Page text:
You can see a list of member organizations and reserve a seat with a free ticket on the Michigan United website. Registration is required.

Translation into Spanish and child supervision are available.

Federal court rules lawsuit against Marathon refinery may proceed

Residents will soon have day in court to address nuisance concerns

A US district court has rejected a motion to dismiss a lawsuit brought against Marathon Petroleum Corporation, clearing the way for a “Private Nuisance, Strict Liability and Negligence” lawsuit to proceed on behalf of residents of Southwest Detroit. Judge Sean Cox agreed with an earlier circuit court ruling that found there was “sufficient factual allegations to survive a motion to dismiss.”

The suit essentially charges Marathon with nuisance claims including, but not limited to, odor issues and a negative impact on residents’ quality of life. The company bought out the homes of many residents in a predominantly white neighborhood, starting in 2011, when it expanded its refinery but but did not make the same offer to a black community that also borders its facility.

Impacted residents have been organized by Michigan United in their fight against the oil giant and are relieved by the news. “Having our lawsuit move forward is very uplifting.” said John Atkins, a lifetime resident in the heavily polluted 48217 zip code. “At least the court is willing to hear our story.”

With the motion to dismiss hurdle now successfully cleared, the next step is a conference with both parties scheduled for February 13, 2018 at 2:30 p.m.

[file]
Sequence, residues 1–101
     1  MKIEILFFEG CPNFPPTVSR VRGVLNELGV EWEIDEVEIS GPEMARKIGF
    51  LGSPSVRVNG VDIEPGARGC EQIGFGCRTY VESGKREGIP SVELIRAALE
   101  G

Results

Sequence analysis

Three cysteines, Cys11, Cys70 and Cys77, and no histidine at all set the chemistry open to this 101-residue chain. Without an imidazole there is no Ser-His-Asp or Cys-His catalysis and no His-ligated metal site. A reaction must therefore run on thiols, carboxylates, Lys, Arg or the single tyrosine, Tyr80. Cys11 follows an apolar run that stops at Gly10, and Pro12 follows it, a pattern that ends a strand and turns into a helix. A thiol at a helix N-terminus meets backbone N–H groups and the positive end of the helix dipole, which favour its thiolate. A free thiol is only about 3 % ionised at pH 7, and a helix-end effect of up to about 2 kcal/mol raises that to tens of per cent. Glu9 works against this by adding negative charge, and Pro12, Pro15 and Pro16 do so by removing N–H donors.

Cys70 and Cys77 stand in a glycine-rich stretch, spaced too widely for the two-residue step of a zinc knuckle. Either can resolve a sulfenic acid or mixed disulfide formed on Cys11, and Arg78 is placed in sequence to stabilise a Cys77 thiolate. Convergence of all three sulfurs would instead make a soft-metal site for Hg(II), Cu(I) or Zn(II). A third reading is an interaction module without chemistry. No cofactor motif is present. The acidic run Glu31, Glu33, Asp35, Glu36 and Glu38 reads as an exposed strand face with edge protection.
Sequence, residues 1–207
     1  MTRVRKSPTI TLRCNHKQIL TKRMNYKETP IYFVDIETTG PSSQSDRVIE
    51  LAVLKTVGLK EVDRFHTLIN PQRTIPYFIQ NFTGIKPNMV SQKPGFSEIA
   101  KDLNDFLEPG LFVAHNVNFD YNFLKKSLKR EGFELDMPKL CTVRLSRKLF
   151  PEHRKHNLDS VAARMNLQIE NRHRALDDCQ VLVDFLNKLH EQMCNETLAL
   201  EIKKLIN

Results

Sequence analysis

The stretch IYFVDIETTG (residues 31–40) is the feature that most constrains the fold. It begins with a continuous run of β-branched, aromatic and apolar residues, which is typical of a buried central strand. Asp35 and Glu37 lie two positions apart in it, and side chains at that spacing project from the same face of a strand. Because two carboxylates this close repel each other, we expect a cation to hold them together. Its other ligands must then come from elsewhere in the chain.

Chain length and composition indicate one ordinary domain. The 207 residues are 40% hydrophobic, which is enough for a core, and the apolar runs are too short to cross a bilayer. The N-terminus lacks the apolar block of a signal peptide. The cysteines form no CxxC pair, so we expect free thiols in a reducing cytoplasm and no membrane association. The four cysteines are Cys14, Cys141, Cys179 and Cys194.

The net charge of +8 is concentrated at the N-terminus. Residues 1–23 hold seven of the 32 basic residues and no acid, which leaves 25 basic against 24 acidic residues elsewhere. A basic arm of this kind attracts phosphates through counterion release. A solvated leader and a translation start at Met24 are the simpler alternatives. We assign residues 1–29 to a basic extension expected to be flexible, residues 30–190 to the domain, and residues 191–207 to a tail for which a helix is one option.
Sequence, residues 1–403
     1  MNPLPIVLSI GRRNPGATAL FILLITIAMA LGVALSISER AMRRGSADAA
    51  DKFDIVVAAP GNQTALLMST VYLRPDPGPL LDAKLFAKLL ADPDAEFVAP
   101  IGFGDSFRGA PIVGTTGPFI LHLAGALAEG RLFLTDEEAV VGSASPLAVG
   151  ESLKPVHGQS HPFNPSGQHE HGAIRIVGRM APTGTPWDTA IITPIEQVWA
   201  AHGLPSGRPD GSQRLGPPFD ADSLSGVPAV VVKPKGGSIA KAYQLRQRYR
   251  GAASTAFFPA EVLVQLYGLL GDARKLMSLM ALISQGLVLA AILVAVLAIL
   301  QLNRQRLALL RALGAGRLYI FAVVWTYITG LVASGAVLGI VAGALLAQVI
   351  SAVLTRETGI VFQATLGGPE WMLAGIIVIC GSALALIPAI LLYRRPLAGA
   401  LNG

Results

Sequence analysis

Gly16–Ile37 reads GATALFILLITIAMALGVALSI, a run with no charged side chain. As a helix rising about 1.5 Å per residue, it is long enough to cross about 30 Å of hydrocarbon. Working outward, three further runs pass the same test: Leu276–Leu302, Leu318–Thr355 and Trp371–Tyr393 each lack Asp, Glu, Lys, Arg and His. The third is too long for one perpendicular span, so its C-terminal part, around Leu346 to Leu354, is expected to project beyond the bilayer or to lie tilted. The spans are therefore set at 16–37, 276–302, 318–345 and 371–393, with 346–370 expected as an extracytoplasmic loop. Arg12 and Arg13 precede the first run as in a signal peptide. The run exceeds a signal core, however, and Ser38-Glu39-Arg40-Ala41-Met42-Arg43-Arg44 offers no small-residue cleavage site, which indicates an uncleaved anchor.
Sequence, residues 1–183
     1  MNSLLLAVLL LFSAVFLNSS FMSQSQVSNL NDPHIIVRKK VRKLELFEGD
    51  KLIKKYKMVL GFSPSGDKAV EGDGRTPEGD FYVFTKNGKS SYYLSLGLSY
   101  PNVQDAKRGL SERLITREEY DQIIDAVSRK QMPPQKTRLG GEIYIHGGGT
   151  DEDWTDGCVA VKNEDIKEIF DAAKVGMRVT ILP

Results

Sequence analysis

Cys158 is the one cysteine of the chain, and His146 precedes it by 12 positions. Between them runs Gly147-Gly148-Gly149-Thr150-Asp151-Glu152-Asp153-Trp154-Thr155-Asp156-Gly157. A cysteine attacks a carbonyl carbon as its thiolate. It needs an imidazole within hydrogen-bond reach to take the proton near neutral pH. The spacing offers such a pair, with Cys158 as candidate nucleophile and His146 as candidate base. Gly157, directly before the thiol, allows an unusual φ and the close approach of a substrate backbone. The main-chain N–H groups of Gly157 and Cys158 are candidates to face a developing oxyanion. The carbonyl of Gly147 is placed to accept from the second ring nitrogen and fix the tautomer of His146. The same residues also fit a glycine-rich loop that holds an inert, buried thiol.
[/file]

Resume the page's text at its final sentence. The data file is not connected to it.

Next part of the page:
“I’m glad about it,” said Lura Taylor, who lives on the street closest to Marathon. “We are going to push forward and go all the way.  We have God on our side.”

Grand Rapids immigrant rights advocates respond to SOTU address

A clean Dream Act must be the focus

Members of the West Michigan Coalition for Immigration Reform gathered the day after President Trump’s State of the Union address to react to the proposed policies he presented. Trump wants to make aid for immigrant youth known as “Dreamers” to be dependent on increased border security and reduced legal migration. Advocates who spoke Wednesday at the Iglasia Misionaera de Cristo church disagree.

“We want a clean Dream Act, separate from the rest of President Trump’s immigration reforms.” said Rev. Justo Gonzalez. “As a man of faith, I stand on the side of justice. While we applaud the president’s path to citizenship for these young people, we are concerned that it will be done on the backs of other immigrants.”

While the President’s proposal increases the number of eligible participants under the Obama era Deferred Action for Childhood Arrivals (DACA) program  from about 800 thousand to 1.8 million, the path to citizenship would take more than a decade to complete. At the same time, opportunities for family reunification would be reduced by preventing American citizens and Legal Permanent Residents from sponsoring their parents and adult children to get family visas, despite the long arduous process that often takes years or decades. In addition Trump is seeking to end the diversity visa lottery that offers a limited number of visas from countries that don’t normally immigrate to the U.S.

“We need to stop being afraid of speaking out.” said Daniel Corecheo, one of the many DACA recipient in danger of losing protections before the program expires completely in March. “We have been afraid to speak out up until now. We have been afraid of losing the little that we have, but if we don’t stand up now, we will lose everything.”